Roasted parsnip puree is a delicious alternative to mashed potatoes—all the pleasure…without any blood sugar spike-and-crash downside.

Parsnip is a root vegetable in the carrot family; in fact, a parsnip looks like a cream-colored carrot. Parsnips are best eaten cooked (NOT raw!) and have a very sweet, slightly nutty flavor.

Nutrient-dense parsnips are a slow-digested, complex carbohydrate, which helps keep blood sugar stable. An excellent source of fiber, parsnips are a good source of Vitamin C and folate, as well as minerals, like potassium, magnesium and phosphorus.

The nutrients in parsnip support heart health, bone health and eye health. If you struggle with digestive issues, especially constipation, consider adding fiber-rich parsnip to your vegetable repertoire. Parsnips are VERY filling and I, personally, find it impossible to overeat them!

My favorite way of eating them is to, first, roast the parsnips; then, place in a food processor and blend with warmed coconut milk, nutmeg,

Celtic sea salt (to taste) and grass-fed butter (you can use olive oil if you prefer). See the recipe below. It’s creamy, luscious and tastes like dessert!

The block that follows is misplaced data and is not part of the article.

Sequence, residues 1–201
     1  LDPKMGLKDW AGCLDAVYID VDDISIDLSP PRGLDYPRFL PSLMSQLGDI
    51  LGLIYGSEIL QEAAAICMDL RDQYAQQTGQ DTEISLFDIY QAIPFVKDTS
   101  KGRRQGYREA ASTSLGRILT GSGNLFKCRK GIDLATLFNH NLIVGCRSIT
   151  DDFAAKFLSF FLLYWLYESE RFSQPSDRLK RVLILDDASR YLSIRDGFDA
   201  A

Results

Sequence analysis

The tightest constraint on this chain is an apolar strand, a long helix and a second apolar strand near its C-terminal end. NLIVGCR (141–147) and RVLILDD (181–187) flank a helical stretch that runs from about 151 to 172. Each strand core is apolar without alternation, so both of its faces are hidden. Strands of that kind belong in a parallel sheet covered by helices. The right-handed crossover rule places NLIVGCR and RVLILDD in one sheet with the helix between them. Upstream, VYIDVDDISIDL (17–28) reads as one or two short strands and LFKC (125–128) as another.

Roasted Parsnip Puree
Serves 4 to 6

For the roasted parsnips:
3 pounds parsnips, ends removed, peeled, and cut in 1/2-inch cubes
1-1/2 teaspoons Celtic sea salt
5 tablespoons olive oil

For the parsnip puree:
2 tablespoons (1 oz.) grass-fed butter or olive oil
1-3/4 cups organic coconut milk
1/2 teaspoon ground nutmeg
Celtic sea salt, to taste

Preheat oven to 350 degrees. Line two heavyweight baking sheets with parchment paper.

In a medium mixing bowl, combine cubed parsnips, olive oil and sea salt. Make sure the parsnip is well coated in olive oil. Arrange in a single, even layer on the parchment-lined baking sheet. Roast on the center rack for 20 mins. Then, stir the parsnips well, turn pan to the other side, and roast another 20 mins. When the parsnips are golden-brown and soft, they are done.

While the parsnips are roasting, pour the coconut milk into a saucepan and warm over medium heat. When the coconut milk comes to a gentle simmer, cover, and turn off heat.

Once they have finished cooking, transfer roasted parsnips to a food processor.

Add grass-fed butter, nutmeg and warmed coconut milk. Pulse until smooth and creamy. If the parsnip puree is too thick for your taste, add some filtered water to thin out. Season with Celtic sea salt, to taste. Serve warm.